A million gallons of ink and four gazillion pixels have been spilt detailing or pontificating on Oracle's acquisition of Sun Microsystems.
My colleague Gordon Haff, for example, has nicely laid out Oracle's plans for Sun (as best as can be known this soon). So I'll be brief...
Oracle's interest in taking Sun's assets forward is at the very high end of expectations. In the almost-a-year since it became clear that Sun was shopping itself around, first to IBM then to Oracle, we've heard the direst of predictions. "Oracle only wants Sun to kill MySQL" and "they'd be lucky if 25 percent of Sun remains after the deal closes" are just two examples. In fact, now that the deal has closed, Oracle has laid out plans to retain most of Sun's key assets and lines of business. Java, Solaris, Sparc, storage, OpenOffice--Oracle has said clearly that it will continue these. In most cases, it's promised to invest more than Sun was investing. Sure, that's not necessarily a huge challenge, given the rolling waves of defunding that encroached on many of these projects over the years that Sun struggled. But it's exactly the opposite of what many expected.
Co-opetition continues but with much more leverage. Oracle will continue to work with IBM, Hewlett-Packard, SAP, Dell, EMC, Red Hat, VMware, and even Microsoft. These companies have too many joint customers and too many billions of dollars of revenue at stake to truly "go their own way." They have to work together--but not every day, in every account. Oracle will increasingly offer an all--or mostly--Oracle portfolio to customers that are amenable to it. While partners remain hugely important to Oracle's business, they'd darn well better be providing what the customer perceives as significant value, or else Oracle will seek to edge them out and own their erstwhile share of mind, market, and wallet. This isn't unique to Oracle. IBM, Cisco Systems, and others are doing exactly the same thing. But we expect Oracle to play this angle particularly well and aggressively.
Enterprise vs. lightweight. Oracle is making a clear distinction between enterprise software (Oracle DBMS and Fusion middleware, for example) and lightweight software infrastructure more suited to Web development. Some of Sun's software assets and technologies (most notably, Java, and maybe some parts around identity) will be pulled into Oracle's enterprise camp. But most of Sun's middleware assets--including those like MySQL, GlassFish, and NetBeans that Sun regarded as its crown jewels--will be developed and sold as more lightweight, Web-focused tools.
Open vs. open source. Oracle's model of "open" isn't the same as Sun's. In particular, it doesn't include nearly as much open source. Oracle does some open source, and the Sun acquisition brings in many more open-source assets and contributions to which Oracle can now lay rightful claim. But Oracle utterly declines to bow to the "everything on an open-source foundation" religion that Sun adopted in recent years. Key parts of Oracle's stack--the Oracle DBMS, its Fusion middleware, etc.--are decidedly closed source and are almost certain to remain that way. Oracle's model is much closer to that of IBM: encourage open source philosophically, leverage it where possible, support it where it's pragmatic to do so, but make sure to collect a toll for core pieces of "the stack."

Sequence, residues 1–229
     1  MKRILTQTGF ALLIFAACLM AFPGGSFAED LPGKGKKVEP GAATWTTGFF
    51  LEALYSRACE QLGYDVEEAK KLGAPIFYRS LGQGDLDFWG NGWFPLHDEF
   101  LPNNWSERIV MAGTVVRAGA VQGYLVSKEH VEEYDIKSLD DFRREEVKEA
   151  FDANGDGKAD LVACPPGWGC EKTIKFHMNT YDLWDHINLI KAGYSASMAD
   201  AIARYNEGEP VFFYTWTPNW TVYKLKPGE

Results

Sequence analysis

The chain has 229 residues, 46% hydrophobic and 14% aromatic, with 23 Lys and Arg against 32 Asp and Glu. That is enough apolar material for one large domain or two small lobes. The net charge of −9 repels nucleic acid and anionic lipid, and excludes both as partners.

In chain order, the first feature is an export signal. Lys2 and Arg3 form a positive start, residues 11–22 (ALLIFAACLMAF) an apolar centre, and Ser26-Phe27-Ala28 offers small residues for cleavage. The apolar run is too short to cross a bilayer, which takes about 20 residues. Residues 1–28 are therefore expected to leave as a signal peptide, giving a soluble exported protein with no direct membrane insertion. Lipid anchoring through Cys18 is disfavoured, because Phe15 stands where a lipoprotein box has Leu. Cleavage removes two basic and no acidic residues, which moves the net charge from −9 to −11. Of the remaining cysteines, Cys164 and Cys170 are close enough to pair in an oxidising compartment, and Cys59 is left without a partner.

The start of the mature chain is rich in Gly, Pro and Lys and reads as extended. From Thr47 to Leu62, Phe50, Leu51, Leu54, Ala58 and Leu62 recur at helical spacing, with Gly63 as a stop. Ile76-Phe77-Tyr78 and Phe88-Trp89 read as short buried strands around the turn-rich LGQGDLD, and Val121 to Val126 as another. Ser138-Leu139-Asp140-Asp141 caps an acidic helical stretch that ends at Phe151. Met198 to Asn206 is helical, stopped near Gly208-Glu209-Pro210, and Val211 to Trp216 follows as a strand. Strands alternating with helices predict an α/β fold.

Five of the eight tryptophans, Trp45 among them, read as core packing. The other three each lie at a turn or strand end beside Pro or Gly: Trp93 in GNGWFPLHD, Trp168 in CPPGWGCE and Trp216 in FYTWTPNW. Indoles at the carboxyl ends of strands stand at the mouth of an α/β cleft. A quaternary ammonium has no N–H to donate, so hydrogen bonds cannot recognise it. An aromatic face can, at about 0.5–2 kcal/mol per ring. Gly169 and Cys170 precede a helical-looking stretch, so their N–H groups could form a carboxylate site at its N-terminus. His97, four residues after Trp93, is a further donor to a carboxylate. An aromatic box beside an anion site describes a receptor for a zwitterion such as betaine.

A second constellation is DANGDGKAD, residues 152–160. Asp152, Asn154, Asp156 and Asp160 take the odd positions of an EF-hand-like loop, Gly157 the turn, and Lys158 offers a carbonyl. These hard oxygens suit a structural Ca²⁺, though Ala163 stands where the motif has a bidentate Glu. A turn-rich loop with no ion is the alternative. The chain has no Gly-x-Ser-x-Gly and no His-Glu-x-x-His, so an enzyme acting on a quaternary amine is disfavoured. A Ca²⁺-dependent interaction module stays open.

Discipline and value. Oracle will be enormously more disciplined about the investments it makes (and doesn't make). It will also be much more disciplined and aggressive about seeking payment for value delivered. No more "build it, and they will come" daydreams. Oracle is a business, and an aggressive one. It has plenty of resources to invest--something Sun lacked in recent years--and it means to invest in a lot of Sun's areas of operations. But the investments it makes--in MySQL, in Solaris, in whatever--are not necessarily those that Sun would have made, nor with quite the same goals. To Sun's barbarian tribes, Oracle is the relentless, conquering Roman Empire.
Oracle is no longer a software company. It's an Integrated IT company. IT is maturing. It's no longer about "best of breed" point-products, or owning just one "category." De facto, enterprise customers value integration above almost all other virtues; IT businesses respond by having most systematic overall portfolios. I recently discussed how traditional boundaries and definitions have gone by the wayside as the IT industry rapidly consolidates. The new Oracle is part and parcel of this trend. Oracle now has a full-spectrum offer: servers, storage, networking, software, and services.
The fact that Oracle has decided to do most of what Sun was doing, only better, is bad news for many other vendors. Its breadth now rivals that of HP and IBM. And that means Oracle is going to be a serious (or more serious) competitor on many fronts.